More than a decade before Bishopville was named in honor of Jacques Bishop, it was known as Singleton's Crossroads. The 465 acres of land that made up Singleton's Crossroads was granted to Jacob Chamber by the State of South Carolina in 1786. The property was later purchased by Daniel Carter and it was once again sold to William Singleton in 1790. This is where the name Singleton's Crossroads originated.
A well known tavern owned by Singleton and his wife sat at the intersection of what was once known as Mecklenburg Road (now named Church Street) and McCallum Ferry Road (now known as Main Street). During that time, the tavern was a stopping place for the stagecoach between Georgetown and Charlotte. (Now this intersection involves Highway 15, which at one point was the premier north–south route from New York to Miami.) In 1798, William Singleton died, leaving his wife the owner of the tavern until her death in 1820. One year later the land was sold to Bishop. During this time period the area around present-day Bishopville was said to be composed of mostly wilderness, with only a few scattered, primitive houses.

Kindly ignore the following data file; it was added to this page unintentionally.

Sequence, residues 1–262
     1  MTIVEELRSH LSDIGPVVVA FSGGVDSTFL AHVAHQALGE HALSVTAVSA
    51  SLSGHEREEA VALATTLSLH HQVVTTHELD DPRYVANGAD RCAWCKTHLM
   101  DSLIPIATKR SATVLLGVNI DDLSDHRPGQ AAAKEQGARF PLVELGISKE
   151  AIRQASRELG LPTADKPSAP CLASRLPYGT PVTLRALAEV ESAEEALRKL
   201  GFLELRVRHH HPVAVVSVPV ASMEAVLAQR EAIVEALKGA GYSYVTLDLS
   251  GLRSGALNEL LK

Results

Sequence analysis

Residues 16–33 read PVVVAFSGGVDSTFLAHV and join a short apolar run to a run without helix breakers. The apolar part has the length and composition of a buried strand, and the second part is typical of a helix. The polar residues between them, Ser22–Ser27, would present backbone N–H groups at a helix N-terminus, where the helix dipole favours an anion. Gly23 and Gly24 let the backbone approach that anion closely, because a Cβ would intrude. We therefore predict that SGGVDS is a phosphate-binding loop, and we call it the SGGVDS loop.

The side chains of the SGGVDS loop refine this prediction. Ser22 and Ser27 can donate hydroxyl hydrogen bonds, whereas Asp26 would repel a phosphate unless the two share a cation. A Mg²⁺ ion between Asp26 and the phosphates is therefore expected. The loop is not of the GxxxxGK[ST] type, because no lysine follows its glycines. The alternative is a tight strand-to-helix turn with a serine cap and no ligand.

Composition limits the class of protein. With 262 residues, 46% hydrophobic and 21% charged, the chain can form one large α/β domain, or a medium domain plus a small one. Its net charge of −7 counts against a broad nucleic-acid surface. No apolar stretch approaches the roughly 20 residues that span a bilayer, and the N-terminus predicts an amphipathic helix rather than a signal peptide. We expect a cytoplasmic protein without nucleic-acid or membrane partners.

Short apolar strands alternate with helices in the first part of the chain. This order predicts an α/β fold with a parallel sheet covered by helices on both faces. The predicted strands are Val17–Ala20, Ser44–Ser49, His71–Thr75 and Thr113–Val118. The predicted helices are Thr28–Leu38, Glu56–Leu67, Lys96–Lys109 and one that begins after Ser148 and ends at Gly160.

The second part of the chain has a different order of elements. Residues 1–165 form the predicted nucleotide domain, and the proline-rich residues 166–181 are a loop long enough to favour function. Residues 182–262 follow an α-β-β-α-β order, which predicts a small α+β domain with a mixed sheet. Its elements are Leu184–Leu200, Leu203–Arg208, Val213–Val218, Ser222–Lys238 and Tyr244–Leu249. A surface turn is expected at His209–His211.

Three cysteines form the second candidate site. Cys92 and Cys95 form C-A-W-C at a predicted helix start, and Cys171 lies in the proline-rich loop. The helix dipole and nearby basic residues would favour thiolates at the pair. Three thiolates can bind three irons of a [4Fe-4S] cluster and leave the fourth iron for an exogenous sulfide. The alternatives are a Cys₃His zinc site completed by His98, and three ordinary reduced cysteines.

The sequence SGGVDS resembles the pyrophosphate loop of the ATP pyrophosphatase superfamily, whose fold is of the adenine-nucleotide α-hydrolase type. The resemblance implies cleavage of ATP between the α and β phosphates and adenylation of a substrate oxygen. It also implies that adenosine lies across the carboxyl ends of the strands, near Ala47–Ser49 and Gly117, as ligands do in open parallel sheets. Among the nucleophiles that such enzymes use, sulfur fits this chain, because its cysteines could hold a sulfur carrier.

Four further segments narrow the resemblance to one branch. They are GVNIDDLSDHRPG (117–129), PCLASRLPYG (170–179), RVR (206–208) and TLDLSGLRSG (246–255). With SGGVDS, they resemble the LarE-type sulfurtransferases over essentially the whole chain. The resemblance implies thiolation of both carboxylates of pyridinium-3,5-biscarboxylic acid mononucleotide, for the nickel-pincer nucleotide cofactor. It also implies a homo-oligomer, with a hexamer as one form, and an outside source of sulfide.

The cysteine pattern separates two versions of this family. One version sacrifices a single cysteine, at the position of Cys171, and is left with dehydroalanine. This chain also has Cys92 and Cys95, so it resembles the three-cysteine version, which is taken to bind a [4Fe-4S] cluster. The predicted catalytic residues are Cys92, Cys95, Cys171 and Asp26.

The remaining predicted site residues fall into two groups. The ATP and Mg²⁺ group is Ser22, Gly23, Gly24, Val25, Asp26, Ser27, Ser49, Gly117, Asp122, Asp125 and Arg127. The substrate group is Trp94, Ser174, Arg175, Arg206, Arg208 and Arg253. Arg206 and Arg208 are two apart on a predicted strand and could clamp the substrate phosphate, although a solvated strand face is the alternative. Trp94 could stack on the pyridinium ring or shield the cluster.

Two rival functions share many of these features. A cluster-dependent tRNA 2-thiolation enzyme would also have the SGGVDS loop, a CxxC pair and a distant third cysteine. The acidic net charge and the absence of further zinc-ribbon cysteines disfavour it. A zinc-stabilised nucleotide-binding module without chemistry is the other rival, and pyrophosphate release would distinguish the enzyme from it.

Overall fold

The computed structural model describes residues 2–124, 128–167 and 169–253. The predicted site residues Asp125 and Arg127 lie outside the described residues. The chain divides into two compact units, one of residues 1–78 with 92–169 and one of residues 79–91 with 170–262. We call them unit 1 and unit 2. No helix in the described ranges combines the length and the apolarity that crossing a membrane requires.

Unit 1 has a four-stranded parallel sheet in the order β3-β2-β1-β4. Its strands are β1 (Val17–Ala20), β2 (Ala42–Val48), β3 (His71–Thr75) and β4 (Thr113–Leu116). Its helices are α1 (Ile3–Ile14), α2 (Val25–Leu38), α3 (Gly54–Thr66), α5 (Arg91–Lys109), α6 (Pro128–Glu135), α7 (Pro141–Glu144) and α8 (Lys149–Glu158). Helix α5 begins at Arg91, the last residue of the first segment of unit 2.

Bishopville is home to the county seat for Lee County. Historically, Bishopville, and rural Lee County as a whole, has been a leader in cotton production in the state of South Carolina and is the home of the South Carolina Cotton Museum. Bishopville is one of those special places, where you can find space to be all alone in vast expanses of countryside, yet just 20 minutes to all the amenities of the largest cities. Find your quiet country life here.